I had occasion to do my first self-video this week. It was a one-minute spot to introduce a program Iâ€™m presenting at an upcoming nonprofit conference.
No problem, right? Go into my Macbook Pro. Fire up the Photo Booth program, and record my introduction.
Then reality set in.
I needed to be sure of what I was going to say, so I didnâ€™t stumble.
My computer is generally below my direct line of sight, but I didnâ€™t want to be looking down at the camera.
How do I look at the camera and still read my notes? How does my hair look? Is my office tidy?
After a little manipulation, I raised my computer so it was directly in front of me. I typed my notes into a document so I could see them on the screen as I looked at the camera. I stacked the books behind me, combed my hair and put on lipstick.
I recorded the spot. Then I recorded it again â€“ apparently I tend to swivel in my desk chair when I talk. Then I recorded it again â€“ I also tend to bite my lip during pauses. Then I recorded it again â€“ I stumbled over a few words.
In all, it took a full hour and 10 takes before I was satisfied. The DonorPerfectÂ Â conference organizer laughed and said that was on the low end for all his staff who were recording videos.
Wow. Way to internalize a lesson Iâ€™ve been telling nonprofit boards about for the past few years!
When you see organizations with great social media presence, they make it look easy. This very small episode is a reminder that itâ€™s not easy. It takes work to have a great presence. It takes planning and it takes forethought.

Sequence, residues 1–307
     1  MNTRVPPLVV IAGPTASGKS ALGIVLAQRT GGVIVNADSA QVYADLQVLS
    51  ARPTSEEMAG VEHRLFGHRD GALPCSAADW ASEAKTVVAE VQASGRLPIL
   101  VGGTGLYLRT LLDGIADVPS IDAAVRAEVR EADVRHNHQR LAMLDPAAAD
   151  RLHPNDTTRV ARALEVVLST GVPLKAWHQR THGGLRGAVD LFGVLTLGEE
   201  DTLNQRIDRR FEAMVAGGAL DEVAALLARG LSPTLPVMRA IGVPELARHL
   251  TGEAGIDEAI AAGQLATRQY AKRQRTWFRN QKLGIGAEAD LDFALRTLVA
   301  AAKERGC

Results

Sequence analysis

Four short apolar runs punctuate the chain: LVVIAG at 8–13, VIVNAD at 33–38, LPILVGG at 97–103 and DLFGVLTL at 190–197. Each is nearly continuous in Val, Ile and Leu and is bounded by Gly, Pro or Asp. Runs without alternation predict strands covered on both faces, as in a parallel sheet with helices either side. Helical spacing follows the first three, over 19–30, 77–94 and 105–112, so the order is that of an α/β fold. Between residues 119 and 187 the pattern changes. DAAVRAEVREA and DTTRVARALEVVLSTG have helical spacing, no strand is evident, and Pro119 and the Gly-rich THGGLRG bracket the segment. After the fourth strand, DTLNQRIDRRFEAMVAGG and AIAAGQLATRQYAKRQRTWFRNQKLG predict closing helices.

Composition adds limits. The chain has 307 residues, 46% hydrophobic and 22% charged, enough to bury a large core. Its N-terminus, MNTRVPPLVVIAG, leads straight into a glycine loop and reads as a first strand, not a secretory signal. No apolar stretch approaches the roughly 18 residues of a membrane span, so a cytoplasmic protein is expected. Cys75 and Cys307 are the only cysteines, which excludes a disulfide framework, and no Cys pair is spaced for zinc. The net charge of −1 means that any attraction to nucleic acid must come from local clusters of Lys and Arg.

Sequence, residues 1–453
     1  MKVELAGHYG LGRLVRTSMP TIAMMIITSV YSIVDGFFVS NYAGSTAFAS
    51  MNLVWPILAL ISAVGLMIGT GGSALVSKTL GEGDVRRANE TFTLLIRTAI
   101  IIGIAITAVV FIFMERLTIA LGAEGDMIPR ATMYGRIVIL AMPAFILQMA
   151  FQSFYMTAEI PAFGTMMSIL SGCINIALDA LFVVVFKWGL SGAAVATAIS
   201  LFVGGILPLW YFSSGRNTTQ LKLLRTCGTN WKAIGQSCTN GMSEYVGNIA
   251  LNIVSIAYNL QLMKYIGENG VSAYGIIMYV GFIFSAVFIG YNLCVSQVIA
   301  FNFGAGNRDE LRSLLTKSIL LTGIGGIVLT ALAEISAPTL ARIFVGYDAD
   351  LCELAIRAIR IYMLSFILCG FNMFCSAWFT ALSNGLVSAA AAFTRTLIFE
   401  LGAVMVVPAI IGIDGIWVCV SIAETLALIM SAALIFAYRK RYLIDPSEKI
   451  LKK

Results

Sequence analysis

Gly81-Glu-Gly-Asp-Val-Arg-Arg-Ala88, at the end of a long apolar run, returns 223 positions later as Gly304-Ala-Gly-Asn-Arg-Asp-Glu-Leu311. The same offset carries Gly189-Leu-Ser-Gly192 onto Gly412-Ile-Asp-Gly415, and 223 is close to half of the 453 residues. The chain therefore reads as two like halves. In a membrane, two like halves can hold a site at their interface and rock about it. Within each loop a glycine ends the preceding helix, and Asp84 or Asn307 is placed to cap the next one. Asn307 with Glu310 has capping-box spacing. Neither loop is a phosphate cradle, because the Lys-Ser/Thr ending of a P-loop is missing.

The idea for video promos came from a smart, full-time communications professional, who is coordinating the video uploads for all the conference facilitators. Itâ€™s part of a comprehensive marketing campaign that integrates with the organizationâ€™s educational goals.Â Itâ€™s not scatter-shot. Itâ€™s planned and strategic, with specific objectives and accountability.
When Directors and Trustees suggest you get a college or high school student to â€œdo the social media,â€ feel free to show them this post. If you want a consistent message, and a fully integrated consistent presence in front of your clients, supporters, members, volunteers and staff, it takes planning and it takes time.
Once upon a time we told people to â€œlearn computer programming.â€ We donâ€™t anymore.Â Computers are now just a tool we all use to get our work done. That time has come for social media. Social media is now just another tool in a well-rounded marketing plan.
Have you had an experience that reinforces a lesson in nonprofit planning and governance? Let me know! Perhaps we can share it so others can learn, too!Â You can reach me at: firstname.lastname@example.org.